Crystals aim to light up dark matter

German scientists hunting dark matter are set to produce half a tonne of high-purity calcium tungstate for their detectors, one 1kg crystal at a time. The CRESST-II experiment based in Gran Sasso, Italy is currently seeking this enigmatic substance, thought to explain the universe’s structure, with 10kg of calcium tungstate (CaWO4). Now Andreas Erb and Jean-Côme Lanfranchi are preparing crystals for its larger successor EURECA, which will begin operation in the French Alps in 5–10 years.

Gravitational effects suggest as-yet-unobserved dark matter in the universe outnumbers more familiar atomic matter four to one. Erb, Lanfranchi and their colleagues are hunting leading theoretical candidates, Weakly Interacting Massive Particles (WIMPs). That name reflects their size – up to a lead atom’s mass – and the limited interaction with atomic matter that makes them hard to find, or ‘dark’. ‘They have to interact weakly to agree with the matter needed,’ says Richard Gaitskell from Brown University in the US, who isn’t involved in the calcium tungstate experiments.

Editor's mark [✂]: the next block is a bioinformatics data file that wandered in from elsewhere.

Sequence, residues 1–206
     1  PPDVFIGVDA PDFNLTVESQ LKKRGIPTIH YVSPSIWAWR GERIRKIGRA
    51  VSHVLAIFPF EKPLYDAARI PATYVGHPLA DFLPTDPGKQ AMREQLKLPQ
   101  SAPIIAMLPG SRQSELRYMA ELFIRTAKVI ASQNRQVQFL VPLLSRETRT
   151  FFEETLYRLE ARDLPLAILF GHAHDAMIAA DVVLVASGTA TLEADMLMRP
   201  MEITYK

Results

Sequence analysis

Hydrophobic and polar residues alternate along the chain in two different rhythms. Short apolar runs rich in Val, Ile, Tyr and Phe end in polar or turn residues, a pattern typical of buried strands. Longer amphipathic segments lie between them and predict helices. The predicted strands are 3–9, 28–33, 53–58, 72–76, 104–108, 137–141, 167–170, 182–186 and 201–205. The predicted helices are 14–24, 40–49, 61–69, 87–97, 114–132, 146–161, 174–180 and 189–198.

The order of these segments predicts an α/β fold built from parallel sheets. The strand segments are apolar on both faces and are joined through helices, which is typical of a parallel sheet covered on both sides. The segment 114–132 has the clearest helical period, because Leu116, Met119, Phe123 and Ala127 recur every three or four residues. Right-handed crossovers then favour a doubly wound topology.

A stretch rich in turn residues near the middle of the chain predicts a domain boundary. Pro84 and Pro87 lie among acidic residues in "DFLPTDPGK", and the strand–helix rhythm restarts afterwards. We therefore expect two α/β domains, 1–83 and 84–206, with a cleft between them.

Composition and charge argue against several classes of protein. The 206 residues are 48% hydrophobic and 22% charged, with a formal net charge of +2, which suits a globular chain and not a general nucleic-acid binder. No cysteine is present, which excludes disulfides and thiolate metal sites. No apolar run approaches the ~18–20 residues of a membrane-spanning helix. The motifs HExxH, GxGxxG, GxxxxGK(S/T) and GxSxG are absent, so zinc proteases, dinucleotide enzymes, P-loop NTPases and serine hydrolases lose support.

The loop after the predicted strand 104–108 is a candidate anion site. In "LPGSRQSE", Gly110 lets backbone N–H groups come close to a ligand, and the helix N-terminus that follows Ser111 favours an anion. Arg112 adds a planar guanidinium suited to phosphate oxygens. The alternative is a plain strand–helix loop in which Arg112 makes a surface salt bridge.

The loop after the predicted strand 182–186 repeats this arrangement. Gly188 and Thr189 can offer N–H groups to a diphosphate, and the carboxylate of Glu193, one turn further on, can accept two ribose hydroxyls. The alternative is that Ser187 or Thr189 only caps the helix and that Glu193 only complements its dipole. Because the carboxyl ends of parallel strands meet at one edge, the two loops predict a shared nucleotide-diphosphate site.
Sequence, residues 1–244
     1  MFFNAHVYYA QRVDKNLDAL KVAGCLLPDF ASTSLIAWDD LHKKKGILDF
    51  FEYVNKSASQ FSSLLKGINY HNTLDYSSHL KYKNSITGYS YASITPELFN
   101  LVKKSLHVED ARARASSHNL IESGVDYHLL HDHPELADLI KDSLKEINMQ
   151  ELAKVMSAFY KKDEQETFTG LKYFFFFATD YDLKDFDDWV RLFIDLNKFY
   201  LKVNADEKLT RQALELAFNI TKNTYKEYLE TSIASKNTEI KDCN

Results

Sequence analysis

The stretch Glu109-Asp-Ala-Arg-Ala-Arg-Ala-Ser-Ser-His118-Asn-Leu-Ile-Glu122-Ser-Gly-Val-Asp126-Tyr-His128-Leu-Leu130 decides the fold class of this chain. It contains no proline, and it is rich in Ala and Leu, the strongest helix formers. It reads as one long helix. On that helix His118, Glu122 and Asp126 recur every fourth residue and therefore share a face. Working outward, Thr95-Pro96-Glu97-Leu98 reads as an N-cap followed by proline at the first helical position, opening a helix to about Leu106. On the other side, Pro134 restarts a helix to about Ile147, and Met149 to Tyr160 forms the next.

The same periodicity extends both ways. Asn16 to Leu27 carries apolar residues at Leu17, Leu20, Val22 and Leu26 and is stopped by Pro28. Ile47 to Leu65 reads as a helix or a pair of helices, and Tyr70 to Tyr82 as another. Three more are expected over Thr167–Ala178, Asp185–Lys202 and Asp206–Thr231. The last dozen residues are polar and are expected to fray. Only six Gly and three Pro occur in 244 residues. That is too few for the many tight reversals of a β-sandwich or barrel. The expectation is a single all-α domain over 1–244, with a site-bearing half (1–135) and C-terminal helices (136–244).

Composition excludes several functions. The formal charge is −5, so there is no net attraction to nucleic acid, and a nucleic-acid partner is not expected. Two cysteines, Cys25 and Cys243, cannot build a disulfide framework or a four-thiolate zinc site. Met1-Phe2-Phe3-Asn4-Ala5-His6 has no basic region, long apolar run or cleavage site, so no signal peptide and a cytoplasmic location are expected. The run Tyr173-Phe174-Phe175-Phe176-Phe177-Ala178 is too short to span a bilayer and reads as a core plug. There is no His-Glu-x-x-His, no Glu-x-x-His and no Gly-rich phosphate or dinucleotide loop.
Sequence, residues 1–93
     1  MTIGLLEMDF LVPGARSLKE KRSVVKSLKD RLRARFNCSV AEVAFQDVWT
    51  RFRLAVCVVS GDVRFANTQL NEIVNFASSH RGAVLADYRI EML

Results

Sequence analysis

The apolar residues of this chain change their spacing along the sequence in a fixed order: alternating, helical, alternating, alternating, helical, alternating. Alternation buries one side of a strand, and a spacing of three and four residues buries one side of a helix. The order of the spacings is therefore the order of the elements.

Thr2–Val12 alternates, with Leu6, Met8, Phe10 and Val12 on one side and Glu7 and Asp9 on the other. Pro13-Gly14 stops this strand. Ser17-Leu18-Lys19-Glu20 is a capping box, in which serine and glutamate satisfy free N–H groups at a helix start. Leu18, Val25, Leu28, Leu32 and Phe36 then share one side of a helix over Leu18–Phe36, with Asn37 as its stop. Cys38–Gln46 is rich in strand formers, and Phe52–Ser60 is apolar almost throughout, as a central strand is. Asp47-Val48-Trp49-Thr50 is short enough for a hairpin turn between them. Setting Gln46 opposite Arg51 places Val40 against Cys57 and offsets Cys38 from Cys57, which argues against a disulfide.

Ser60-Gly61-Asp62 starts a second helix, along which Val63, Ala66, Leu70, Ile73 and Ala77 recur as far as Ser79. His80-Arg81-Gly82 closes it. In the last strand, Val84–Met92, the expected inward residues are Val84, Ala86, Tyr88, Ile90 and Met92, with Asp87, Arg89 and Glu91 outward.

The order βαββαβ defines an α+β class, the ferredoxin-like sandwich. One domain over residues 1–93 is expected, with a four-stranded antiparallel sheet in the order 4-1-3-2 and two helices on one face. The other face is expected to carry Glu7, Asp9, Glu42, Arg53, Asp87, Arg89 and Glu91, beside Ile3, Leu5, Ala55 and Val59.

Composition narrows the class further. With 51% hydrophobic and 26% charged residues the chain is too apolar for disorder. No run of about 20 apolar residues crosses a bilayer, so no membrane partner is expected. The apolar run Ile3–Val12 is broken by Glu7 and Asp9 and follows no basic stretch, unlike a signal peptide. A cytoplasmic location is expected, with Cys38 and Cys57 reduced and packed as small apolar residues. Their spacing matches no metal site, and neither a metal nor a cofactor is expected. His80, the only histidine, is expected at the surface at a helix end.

Calcium tungstate crystals, formed at around 1600°C, can be used to detect dark matter © Andreas Heddergott/TU Munich

 To read the full article please visit Chemistry World.

Growth of High-Purity Scintillating CaWO4 Single Crystals for the Low-Temperature Direct Dark Matter Search Experiments CRESSTII and EURECA
Andreas Erb
CrystEngComm, 2013, Accepted Manuscript
DOI: 10.1039/C2CE26554K

 

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